The government has requested the World Bank for a loan of $600 million to roll out an innovative hybrid social protection scheme to support its aspirations around risk mitigation and financial inclusion among the poor and informal workers.
The scheme will blend social assistance with social risk mitigation elements to help reduce the vulnerability of the missing middle to shocks under the ‘Pakistan Crisis-Resilient Social Protection’ programme, according to a new World Bank document released on Saturday.
According to the report compiled by a local media outlet, the basic model will be a contributory savings scheme with matching incentives, with a short-to-medium term horizon for withdrawals. It will build on lessons from similar programmes in other countries. Individuals would not be penalised for early withdrawal of their own savings but will not have access to contributions before reaching the minimum time commitment.
This would allow funds to accumulate for later release either on an emergency basis during a crisis or at other significant life events like ageing, illness or death, after this period.
During the first phase, the hybrid scheme will be open to a subset of current and existing beneficiaries of the Benazir Income Support Programme (BISP), although if successful the scheme could be gradually extended to a much wider population.
The World Bank document says that the programme will support the enhancement of the social protection delivery systems, including the social registry and biometric payments system, to increase the ability of the social protection system overall to adapt to the needs of the target population during both crisis and normal times.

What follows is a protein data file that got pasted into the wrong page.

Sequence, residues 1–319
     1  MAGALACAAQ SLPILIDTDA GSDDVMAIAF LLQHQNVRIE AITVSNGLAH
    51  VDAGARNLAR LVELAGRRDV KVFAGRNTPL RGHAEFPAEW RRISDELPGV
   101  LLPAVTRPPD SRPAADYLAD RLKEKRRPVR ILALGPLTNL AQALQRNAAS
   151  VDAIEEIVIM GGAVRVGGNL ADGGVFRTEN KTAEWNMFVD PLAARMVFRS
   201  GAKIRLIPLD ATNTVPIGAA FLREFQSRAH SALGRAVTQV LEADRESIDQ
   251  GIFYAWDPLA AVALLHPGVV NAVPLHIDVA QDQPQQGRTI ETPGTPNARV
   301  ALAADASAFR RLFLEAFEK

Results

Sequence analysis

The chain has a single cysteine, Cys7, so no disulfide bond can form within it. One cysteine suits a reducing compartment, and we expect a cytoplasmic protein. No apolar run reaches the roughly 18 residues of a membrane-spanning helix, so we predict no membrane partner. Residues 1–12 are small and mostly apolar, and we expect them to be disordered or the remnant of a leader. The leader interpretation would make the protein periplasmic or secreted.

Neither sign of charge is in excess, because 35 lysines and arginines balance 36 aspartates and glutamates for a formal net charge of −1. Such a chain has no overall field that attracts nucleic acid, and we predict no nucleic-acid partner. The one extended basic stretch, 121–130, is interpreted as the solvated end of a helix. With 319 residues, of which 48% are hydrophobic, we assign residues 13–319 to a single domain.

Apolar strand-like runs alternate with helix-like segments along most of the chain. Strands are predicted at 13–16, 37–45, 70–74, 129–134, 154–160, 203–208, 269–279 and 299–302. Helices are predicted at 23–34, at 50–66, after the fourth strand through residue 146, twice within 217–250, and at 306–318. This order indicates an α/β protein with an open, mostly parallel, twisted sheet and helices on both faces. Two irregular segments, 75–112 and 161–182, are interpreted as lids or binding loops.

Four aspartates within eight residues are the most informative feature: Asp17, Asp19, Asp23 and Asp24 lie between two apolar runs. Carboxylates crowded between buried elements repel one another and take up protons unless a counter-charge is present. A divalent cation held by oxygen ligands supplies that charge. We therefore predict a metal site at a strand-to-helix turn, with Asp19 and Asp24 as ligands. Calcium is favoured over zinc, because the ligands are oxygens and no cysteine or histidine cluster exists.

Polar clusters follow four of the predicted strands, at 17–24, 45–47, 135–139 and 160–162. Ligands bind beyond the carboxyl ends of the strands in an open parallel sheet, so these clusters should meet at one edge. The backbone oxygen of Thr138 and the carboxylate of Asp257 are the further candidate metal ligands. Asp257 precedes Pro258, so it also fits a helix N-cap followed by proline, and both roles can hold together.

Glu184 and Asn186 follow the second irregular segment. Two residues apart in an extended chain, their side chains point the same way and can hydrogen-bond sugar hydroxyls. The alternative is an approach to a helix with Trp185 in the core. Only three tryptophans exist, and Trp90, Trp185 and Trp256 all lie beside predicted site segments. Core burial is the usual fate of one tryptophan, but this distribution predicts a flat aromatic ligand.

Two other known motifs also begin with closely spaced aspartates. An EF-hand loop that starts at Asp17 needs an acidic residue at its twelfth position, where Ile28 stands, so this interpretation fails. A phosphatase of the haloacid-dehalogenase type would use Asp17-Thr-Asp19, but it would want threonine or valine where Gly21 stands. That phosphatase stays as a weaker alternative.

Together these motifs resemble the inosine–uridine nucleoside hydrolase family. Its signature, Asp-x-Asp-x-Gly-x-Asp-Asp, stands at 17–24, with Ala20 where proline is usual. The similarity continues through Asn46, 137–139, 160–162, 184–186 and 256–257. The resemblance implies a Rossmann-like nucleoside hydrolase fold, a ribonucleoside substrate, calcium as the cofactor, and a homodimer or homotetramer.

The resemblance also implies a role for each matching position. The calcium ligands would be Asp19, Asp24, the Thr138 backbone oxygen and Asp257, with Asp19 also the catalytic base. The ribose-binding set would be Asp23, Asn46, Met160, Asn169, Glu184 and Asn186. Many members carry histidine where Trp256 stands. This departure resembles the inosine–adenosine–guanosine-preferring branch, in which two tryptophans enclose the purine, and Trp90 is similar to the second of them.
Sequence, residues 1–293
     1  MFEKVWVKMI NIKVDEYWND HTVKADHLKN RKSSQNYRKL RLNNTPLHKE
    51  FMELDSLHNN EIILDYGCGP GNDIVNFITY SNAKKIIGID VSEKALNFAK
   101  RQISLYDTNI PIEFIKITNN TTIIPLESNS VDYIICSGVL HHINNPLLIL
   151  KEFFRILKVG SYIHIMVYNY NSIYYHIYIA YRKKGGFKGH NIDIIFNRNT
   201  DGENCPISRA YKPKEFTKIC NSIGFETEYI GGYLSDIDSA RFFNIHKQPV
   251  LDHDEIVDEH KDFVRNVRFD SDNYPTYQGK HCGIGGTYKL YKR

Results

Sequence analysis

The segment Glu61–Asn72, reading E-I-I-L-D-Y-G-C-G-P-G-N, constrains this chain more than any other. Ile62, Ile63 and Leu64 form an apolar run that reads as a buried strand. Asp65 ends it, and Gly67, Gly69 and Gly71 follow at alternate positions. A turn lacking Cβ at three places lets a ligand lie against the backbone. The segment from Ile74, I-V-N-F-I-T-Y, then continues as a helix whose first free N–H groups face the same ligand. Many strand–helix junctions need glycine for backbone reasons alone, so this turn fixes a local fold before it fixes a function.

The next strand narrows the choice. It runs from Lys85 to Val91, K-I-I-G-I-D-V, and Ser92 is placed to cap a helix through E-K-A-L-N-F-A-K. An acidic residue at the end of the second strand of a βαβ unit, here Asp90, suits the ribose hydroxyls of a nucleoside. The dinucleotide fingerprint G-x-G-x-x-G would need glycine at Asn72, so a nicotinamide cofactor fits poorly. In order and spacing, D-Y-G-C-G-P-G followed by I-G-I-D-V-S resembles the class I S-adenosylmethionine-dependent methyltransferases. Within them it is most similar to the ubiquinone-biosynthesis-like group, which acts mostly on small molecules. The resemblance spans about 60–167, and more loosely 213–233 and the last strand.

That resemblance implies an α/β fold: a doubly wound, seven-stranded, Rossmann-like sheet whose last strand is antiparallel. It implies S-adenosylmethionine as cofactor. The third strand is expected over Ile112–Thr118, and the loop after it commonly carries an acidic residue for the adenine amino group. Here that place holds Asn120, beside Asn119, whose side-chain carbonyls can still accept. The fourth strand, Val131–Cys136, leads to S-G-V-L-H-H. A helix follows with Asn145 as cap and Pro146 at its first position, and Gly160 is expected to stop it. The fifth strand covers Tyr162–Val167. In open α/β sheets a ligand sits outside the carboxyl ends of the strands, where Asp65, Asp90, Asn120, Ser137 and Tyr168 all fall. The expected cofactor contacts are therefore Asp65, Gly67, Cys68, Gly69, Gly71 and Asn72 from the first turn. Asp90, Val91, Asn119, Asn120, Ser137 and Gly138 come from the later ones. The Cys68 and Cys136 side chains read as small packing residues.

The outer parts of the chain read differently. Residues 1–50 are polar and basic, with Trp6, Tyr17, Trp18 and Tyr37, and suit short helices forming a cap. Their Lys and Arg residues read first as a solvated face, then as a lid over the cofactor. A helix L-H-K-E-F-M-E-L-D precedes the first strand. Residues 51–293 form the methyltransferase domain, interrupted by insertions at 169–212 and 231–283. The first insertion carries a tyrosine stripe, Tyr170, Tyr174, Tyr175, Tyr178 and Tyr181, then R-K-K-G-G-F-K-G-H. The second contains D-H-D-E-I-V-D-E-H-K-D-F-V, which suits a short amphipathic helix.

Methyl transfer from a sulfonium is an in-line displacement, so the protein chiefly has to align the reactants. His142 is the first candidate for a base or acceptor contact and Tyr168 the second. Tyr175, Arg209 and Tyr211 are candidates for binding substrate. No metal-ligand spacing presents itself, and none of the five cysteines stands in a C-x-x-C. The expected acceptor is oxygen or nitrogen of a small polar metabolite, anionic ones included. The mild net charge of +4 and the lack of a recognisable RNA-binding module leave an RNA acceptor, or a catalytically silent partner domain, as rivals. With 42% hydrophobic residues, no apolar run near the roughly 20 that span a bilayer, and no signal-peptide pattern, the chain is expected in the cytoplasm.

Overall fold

At the same time, it aims to build resilience against crisis among poor and vulnerable households by incentivising protection and accumulation of human capital through the conditional cash transfers and household savings through hybrid social protection scheme.
The document says there is a need to boost resilience for the large ‘missing middle’ that is highly vulnerable to shocks and remains uncovered. The Covid-19 crisis underscored this vulnerability when millions of people lost jobs and did not have access to any insurance or savings mechanisms to help them cope.
The planned 2021 safety net expansion to an additional over two million ‘Kafaalat’ beneficiaries will provide them with some support, however, the majority will remain uncovered and without a structured intervention, and continue to be hard hit during crises, it says.
It will support setting up and operationalisation of a provincially representative regulatory structure for the National Socio-Economic Registry (NSER) to ensure the ownership of provinces and promote transparency in decision making and data exchange between the NSER and social programmes at various levels.
Moreover, it will support the systematisation of cross-checks and integration of big data and analytics into the social registry to enhance data quality, and ultimately improving performance.